The “join us!” dis-join

The website of every single synagogue I visited, with the exception of one, included a page that invited prospective members to join their shul. Many did so with warm words of encouragement.

“Join us! We’d love to welcome you as a member of our community!”

“We always enjoy welcoming new members.”

“We would love to have you join us!”

But that warm encouragement was accompanied with a quite baffling array of hoops to jump through. There are forms to fill in depending on your marital status, lists of ID documents that need to be presented if you are already a synagogue member, and burial scheme membership numbers that need to be provided. One website, which offered a particularly fulsome invitation to join, immediately followed it up with links to a standing order form, a direct debit form and a gift aid declaration.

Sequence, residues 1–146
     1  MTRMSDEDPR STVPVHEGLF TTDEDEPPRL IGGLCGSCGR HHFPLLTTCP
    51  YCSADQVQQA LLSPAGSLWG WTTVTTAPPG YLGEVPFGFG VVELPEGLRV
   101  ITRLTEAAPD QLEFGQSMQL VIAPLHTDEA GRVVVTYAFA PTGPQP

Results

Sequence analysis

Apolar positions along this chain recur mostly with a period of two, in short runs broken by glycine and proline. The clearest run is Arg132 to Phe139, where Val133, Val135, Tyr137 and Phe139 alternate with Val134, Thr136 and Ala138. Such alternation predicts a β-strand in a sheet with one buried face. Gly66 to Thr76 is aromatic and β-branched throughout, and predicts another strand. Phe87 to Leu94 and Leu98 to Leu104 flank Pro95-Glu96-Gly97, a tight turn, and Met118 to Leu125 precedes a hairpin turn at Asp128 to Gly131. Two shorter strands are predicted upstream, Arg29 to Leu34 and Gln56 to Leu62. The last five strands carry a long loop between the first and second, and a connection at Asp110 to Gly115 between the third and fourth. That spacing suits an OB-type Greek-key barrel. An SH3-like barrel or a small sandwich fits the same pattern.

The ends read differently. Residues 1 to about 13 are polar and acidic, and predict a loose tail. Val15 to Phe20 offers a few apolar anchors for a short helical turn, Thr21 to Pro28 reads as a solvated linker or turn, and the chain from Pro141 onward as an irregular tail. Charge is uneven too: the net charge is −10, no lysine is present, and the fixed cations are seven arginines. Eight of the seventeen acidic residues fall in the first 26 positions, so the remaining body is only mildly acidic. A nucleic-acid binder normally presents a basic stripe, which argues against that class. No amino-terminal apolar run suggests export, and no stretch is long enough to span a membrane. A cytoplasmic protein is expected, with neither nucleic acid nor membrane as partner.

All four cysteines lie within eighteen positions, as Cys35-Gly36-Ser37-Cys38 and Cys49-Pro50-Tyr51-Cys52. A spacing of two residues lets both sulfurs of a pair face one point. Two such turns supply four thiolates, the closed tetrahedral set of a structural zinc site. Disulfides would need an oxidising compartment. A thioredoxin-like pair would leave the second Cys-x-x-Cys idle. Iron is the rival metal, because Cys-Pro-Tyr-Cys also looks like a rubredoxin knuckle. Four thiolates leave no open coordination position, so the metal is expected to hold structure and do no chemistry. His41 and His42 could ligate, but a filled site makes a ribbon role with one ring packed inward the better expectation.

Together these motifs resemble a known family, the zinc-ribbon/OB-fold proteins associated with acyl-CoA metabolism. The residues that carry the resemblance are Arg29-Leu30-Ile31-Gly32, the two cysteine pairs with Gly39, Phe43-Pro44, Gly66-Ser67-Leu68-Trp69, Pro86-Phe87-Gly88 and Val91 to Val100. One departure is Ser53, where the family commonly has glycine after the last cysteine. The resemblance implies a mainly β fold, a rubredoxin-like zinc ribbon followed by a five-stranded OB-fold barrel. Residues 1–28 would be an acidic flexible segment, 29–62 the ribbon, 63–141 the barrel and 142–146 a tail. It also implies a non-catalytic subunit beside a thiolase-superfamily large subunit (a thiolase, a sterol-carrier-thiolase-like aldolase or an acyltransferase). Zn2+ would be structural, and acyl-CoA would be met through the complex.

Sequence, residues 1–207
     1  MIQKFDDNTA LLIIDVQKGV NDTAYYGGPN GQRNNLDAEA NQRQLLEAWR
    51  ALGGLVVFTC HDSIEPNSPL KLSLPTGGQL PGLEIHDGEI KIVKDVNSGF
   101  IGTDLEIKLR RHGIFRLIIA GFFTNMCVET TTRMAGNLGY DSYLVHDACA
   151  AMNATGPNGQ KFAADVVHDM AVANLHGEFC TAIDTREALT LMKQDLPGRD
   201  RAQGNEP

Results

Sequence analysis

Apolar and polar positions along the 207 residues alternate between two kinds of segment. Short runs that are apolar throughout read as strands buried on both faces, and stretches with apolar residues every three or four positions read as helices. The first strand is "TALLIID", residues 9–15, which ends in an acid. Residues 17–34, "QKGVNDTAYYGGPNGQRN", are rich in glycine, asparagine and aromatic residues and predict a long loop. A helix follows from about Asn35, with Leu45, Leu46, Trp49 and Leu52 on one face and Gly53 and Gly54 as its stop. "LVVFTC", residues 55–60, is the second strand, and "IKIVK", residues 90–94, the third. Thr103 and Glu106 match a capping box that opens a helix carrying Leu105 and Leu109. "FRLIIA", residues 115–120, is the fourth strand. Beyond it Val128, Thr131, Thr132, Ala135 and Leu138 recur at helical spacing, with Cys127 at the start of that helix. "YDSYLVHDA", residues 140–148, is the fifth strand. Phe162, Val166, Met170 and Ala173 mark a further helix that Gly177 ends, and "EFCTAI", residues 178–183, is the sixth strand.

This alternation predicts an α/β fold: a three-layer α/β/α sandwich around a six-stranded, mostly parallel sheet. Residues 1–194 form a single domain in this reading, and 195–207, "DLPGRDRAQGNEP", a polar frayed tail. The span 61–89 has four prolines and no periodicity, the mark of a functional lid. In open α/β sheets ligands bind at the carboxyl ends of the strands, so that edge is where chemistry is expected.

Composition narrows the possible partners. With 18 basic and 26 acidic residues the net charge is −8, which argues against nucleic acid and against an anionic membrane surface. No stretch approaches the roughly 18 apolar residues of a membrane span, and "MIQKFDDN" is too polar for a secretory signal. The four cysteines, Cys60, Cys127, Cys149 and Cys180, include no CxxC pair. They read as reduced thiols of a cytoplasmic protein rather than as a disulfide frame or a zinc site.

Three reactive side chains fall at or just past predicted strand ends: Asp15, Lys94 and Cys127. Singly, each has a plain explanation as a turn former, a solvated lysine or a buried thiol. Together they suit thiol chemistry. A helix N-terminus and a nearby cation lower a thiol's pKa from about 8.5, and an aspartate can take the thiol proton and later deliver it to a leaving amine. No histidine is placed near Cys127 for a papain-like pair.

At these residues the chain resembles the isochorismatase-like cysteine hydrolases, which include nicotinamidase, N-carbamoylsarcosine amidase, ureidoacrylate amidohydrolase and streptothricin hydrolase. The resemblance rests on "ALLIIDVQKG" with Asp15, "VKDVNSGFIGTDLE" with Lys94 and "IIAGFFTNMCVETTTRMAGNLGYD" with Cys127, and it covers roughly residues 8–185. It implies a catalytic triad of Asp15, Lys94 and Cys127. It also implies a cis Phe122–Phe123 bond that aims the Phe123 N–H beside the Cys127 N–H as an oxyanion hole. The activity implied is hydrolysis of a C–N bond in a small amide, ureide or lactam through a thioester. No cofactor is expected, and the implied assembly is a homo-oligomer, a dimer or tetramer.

Now, you might think, fair enough. A website just offers the information, but the real invitation to join is done in person, when a visitor is actually in the synagogue building. But this wasn’t my experience. When I made my undercover visits, none of the shuls that offered online invitations to join made any effort to find out what my name was, so that they could follow-up my visit and ask me if I was interested in joining.

At every shul I visited, when I chatted to members, or even to the synagogues’ leadership team, there was no attempt to take my phone number or email address, or even to ask if I was interested in joining. Perhaps that’s as it should be? Maybe visitors don’t want to be bombarded with invitations to join? But after almost 20 shul visits, and on the back of such fulsome online encouragement, I am surprised that nobody has ever so much as started a conversation about joining their shul? (I have decided not to take this personally….)